The Ethiopian government will drop charges against political prisoners and close a notorious prison camp in a bid to ‘widen the democratic space for all.’
Ethiopia’s Prime Minister Hailemariam Desalegn says the move to release all political prisoners is critical for national dialogue.
The unprecedented pardon is expected to apply to both convicted political prisoners and those currently facing court cases.
Desalegn made the announcement after days of consultations within the ruling Ethiopian People’s Revolutionary Democratic Front (EPRDF) coalition.
Addressing a joint press briefing with other chairpersons of the EPRDF’s member parties, Desalegn said the Mae’kelawi prison would be converted into a museum, and added that a new centre has been established to replace Ma’ekelawi based on the national parliament’s guidelines on human rights and international standards.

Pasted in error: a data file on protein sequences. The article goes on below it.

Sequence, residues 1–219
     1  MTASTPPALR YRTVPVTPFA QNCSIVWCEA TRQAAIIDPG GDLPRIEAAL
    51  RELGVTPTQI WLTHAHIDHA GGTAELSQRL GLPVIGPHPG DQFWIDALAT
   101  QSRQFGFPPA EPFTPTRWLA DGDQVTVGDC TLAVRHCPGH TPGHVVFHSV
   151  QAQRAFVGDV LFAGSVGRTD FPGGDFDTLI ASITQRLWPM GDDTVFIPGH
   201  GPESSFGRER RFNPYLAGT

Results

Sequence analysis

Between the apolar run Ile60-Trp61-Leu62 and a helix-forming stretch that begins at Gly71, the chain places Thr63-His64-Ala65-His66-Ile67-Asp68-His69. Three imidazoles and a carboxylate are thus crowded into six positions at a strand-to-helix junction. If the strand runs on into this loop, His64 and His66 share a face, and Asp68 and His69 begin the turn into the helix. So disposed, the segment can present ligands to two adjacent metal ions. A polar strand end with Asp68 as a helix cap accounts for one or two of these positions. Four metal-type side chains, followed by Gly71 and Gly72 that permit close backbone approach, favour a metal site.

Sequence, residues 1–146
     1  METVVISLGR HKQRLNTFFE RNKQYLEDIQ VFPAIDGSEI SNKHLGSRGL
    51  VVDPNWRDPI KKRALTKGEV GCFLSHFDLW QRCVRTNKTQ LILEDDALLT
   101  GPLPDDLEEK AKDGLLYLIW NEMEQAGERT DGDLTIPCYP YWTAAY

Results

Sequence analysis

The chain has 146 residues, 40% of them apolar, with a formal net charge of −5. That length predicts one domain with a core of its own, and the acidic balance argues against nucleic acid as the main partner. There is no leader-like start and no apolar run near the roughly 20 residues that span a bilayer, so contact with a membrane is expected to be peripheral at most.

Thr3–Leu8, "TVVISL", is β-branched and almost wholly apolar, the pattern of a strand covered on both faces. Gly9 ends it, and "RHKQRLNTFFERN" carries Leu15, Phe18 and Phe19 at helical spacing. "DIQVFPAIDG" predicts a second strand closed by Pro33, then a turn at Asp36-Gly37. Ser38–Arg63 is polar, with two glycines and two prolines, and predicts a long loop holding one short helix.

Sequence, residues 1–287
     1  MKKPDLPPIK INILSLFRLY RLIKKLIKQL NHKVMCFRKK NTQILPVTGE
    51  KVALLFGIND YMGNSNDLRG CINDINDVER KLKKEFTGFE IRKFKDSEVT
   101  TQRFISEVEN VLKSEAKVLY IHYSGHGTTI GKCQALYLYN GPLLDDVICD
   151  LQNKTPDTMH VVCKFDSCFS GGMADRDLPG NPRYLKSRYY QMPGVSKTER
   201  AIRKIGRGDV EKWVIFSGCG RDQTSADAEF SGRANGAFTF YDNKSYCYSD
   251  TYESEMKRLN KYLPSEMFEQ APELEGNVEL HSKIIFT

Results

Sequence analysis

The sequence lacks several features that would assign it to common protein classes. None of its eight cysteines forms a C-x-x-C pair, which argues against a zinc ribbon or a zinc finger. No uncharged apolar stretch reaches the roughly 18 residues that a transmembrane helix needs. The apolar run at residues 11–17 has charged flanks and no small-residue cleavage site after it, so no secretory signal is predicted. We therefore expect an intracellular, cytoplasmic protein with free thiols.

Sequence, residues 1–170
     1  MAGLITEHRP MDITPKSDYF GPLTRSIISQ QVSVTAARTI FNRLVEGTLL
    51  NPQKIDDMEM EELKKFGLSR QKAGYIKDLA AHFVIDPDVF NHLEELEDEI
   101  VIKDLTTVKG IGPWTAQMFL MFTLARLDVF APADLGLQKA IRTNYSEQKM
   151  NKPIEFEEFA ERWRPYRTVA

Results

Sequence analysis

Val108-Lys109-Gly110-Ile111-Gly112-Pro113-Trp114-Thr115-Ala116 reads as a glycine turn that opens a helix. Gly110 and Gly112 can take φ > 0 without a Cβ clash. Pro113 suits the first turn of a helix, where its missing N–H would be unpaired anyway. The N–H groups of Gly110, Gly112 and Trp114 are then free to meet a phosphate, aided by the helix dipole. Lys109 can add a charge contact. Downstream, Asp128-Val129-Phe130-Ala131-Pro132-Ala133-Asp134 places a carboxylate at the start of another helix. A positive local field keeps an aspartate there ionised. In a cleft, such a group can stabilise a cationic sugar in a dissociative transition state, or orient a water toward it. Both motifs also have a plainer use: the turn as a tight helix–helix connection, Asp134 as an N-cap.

Thousands of people have been detained since deadly anti-government protests erupted in the country in 2015. A state of emergency, imposed in October 2016 and lifted in August 2017, failed to calm the protesters, who have been calling for a national dialogue and the release of political prisoners.
Rights groups and opposition groups in Ethiopia had also been calling for the release of political prisoners, saying they were arrested on trumped-up charges and were being punished for their points of view.
Some of the prominent politicians currently in custody include opposition leaders Bekele Gerba and Merara Gudina. A number of journalists also remain in detention, including Eskinder Nega, journalist and blogger – imprisoned since 2011 after criticising his country’s abuse of anti-terror laws to silence the press. He was subsequently sentenced to 18 years in jail
Adira Kallo with agencies